INTERNATIONAL - Former Federal Trade Commission officials say that Facebook Inc. appears to have breached a 2011 consent agreement to safeguard users’ personal information and may be facing hundreds of millions of dollars in fines.
The agency could fine Facebook up to $40,000 per violation per day -- which could add up quickly with millions of users involved -- if it finds the social media giant broke its earlier promises to protect user data, they say.
“If I had to bet, they will find violations,” said Jessica Rich, a former head of the FTC’s consumer protection bureau.
“The penalty could potentially be huge,” because each user adversely affected could be considered a violation, said Rich, now vice president of consumer policy and mobilization for Consumer Reports. "The FTC is unlikely to get billions,” Rich said. “It could get hundreds of millions.”
The FTC is probing how data from 50 million Facebook users was obtained by Cambridge Analytica, a British political consulting firm that consulted on President Donald Trump’s campaign, and whether the transfer violated pledges the company made to settle an earlier privacy case. Investigators can also consider whether Facebook misled users or violated rules governing data shipments between Europe and the United States.
“The agency has a fair amount of latitude to turn the screws up,” said David Vladeck, the former head of the FTC’s Bureau of Consumer Protection who signed the consent order which binds Facebook for 20 years.
Earlier: Facebook Fallout Spreads With Product Delay, Privacy Overhaul
"This is in my view a serious breach of the FTC’s consent" agreement, Vladeck, now a Georgetown University professor, told Bloomberg TV. “There will be serious consequences from this violation.”
Facebook is struggling to respond to the Cambridge Analytica scandal, which has prompted an outcry from lawmakers, investors and privacy advocates. The crisis comes just a few months after revelations that Russia exploited Facebook’s platform to influence the U.S. presidential election. Congress is seeking to bring Facebook Chief Executive Officer Mark Zuckerberg to Washington for public testimony.
The scandal has caused Facebook to delay the unveiling of new home products and redesign its privacy settings. The stock has lost almost $100 billion in market value and is no longer among the top five most valuable companies in the world. The shares closed up 0.53 percent Wednesday at $153.03.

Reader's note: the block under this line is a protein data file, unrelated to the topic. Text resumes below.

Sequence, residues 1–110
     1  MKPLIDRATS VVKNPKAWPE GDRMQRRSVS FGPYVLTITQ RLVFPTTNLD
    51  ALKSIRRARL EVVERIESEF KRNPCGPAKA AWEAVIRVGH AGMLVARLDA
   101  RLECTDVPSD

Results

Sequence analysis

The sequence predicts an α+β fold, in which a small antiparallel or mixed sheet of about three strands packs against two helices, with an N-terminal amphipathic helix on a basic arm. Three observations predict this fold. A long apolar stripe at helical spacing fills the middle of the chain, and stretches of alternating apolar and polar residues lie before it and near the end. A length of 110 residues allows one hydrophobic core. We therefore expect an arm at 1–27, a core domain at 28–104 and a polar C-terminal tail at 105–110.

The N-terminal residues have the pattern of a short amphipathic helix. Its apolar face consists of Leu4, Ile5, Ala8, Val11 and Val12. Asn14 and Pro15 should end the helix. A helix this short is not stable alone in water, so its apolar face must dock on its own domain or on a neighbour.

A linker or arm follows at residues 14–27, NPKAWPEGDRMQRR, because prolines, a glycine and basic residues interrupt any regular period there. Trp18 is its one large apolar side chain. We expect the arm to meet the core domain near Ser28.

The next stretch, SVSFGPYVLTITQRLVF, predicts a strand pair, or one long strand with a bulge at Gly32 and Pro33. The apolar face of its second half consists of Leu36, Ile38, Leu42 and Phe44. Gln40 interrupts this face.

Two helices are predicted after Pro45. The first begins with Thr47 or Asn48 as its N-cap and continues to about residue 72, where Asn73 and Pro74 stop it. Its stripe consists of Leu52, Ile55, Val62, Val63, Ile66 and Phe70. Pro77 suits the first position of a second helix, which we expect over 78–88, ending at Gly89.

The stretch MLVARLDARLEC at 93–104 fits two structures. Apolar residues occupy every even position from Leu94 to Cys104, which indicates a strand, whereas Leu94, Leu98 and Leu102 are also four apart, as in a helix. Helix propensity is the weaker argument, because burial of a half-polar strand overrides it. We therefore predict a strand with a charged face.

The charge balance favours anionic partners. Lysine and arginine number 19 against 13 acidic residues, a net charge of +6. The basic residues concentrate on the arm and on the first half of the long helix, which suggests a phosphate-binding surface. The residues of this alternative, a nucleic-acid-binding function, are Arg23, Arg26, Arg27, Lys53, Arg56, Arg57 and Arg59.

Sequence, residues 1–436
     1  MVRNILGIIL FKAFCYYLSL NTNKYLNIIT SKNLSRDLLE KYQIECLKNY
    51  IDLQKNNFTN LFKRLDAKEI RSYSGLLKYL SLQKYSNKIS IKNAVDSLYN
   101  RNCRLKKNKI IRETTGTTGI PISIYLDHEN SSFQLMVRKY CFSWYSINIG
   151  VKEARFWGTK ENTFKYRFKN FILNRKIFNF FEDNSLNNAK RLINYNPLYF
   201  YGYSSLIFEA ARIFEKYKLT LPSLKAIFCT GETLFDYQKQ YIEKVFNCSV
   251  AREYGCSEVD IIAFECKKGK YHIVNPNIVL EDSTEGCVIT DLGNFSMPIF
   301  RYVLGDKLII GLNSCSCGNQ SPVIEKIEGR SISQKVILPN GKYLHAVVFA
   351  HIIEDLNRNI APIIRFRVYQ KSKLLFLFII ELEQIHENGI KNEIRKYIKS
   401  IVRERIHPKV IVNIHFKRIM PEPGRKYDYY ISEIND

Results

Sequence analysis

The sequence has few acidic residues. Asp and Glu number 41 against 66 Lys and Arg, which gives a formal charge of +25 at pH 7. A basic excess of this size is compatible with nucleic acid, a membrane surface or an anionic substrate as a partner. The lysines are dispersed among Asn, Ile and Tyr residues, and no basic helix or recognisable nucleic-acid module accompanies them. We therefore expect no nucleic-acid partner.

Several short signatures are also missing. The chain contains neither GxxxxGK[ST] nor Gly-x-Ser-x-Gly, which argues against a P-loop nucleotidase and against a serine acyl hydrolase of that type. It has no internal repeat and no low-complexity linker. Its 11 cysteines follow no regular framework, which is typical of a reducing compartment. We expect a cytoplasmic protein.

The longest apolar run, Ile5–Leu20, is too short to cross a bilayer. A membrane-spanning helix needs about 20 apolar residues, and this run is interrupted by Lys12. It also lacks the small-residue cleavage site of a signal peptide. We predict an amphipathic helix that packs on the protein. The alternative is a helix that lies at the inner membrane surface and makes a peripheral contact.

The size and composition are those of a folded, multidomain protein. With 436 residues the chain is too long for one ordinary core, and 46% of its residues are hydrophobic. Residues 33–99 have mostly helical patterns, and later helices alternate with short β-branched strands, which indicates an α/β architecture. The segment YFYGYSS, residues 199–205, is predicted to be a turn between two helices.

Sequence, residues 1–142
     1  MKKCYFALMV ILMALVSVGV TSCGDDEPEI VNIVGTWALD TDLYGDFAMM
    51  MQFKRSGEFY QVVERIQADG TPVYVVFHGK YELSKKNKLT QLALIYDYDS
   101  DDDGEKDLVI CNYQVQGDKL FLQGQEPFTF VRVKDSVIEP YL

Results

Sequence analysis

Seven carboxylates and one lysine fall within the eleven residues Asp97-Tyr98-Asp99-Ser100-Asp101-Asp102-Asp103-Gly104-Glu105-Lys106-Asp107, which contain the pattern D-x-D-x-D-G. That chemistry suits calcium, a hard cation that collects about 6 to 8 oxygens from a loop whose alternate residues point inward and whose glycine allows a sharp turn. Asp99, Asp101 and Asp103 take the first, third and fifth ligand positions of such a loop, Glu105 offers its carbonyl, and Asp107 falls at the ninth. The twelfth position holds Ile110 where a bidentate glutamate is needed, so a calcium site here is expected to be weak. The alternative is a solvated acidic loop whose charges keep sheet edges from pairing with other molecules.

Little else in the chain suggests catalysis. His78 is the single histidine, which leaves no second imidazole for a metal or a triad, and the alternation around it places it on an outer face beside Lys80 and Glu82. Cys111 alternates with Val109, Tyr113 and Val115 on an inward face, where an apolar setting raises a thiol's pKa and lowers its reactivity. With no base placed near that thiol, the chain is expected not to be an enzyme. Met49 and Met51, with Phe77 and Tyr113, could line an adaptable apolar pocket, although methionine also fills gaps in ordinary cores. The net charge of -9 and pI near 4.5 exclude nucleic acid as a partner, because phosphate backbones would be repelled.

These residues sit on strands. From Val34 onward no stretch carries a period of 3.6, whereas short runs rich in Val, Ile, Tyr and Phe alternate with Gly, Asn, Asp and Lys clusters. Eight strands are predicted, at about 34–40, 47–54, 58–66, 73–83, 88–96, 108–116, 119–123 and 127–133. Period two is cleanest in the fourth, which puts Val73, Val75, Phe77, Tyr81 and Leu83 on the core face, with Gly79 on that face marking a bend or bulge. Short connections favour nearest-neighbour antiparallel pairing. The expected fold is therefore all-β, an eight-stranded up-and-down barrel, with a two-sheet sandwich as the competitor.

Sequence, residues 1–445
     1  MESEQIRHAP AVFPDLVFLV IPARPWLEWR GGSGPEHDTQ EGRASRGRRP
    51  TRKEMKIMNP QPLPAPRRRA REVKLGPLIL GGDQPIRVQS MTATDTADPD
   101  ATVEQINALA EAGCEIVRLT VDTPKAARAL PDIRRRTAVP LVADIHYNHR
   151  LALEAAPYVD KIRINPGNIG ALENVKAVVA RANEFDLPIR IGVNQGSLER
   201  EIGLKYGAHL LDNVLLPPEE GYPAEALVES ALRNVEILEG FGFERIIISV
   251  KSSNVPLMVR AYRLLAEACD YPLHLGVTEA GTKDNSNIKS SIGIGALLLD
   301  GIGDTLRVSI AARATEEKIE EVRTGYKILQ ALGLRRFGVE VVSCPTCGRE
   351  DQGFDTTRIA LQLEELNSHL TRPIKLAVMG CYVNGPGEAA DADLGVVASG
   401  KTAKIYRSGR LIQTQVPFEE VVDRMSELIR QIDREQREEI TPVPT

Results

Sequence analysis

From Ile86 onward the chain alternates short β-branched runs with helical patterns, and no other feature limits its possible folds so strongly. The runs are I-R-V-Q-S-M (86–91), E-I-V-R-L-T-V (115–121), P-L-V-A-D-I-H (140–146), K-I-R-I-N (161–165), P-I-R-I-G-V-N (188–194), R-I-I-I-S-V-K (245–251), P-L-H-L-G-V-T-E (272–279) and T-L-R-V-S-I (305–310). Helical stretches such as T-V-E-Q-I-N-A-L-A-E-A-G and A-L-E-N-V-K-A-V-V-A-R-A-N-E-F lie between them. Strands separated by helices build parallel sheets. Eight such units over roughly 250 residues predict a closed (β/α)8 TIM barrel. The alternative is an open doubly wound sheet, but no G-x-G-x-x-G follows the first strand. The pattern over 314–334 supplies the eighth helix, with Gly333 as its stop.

Facebook’s 2018 net income is projected to rise 20 percent this year to $21.8 billion, according to data compiled by Bloomberg.
In the 2011 case, the agency alleged in an eight-count draft complaint that Facebook had broken its promise that users could keep their information on Facebook private. Facebook had assured users that third-party applications only had access to data required for them to function, while, in fact, the applications had access to almost all of a user’s personal information.
Under the settlement, Facebook agreed to get consent from users before sharing their data with third parties. It also required Facebook to establish a “comprehensive privacy program,” block access to a user’s account within 30 days of it being deleted and barred it from making any deceptive claims about its privacy practices.
Facebook says it didn’t violate the consent decree. It has suspended Cambridge Analytica from its network and said in a blog post that the British company had received user data through an app developer in violation of Facebook policy.
“We remain strongly committed to protecting people’s information,” said Rob Sherman, deputy chief privacy officer at Facebook. “We appreciate the opportunity to answer questions the FTC may have.”
Zuckerberg said in newspaper ads March 25 that a quiz app “leaked” data in 2014. “This was a breach of trust, and I’m sorry we didn’t do more at the time,” he said.
Cambridge Analytica had received data from some 50 million Facebook users as it built a election-consulting company that boasted it could sway voters in contests all over the world. While 270,000 users had authorized an academic to use their data for research purposes, according to reports, the researcher allegedly violated privacy rules when he handed the data off to Cambridge Analytica.
Facebook on Wednesday said it’s moving to untangle its often bewildering array of privacy options, consolidating choices in one place on mobile devices, rather than sending users to some 20 different screens.
Rich, the former FTC consumer chief, said the investigation could take a year and would likely explore whether Facebook should have reacted more vigorously in 2015, when it received assurances from Cambridge Analytica that the data it received had been destroyed. Instead, not all data was deleted, Facebook acknowledged in a March 17 blog post. “There could be a failure of oversight,” said Rich.
Vladeck, the Georgetown professor, see he expects “some sort of an agreement between the FTC and Facebook which will call for very serious financial civil penalties, and a new consent decree that will ratchet up the restrictions on the way Facebook gathers information.”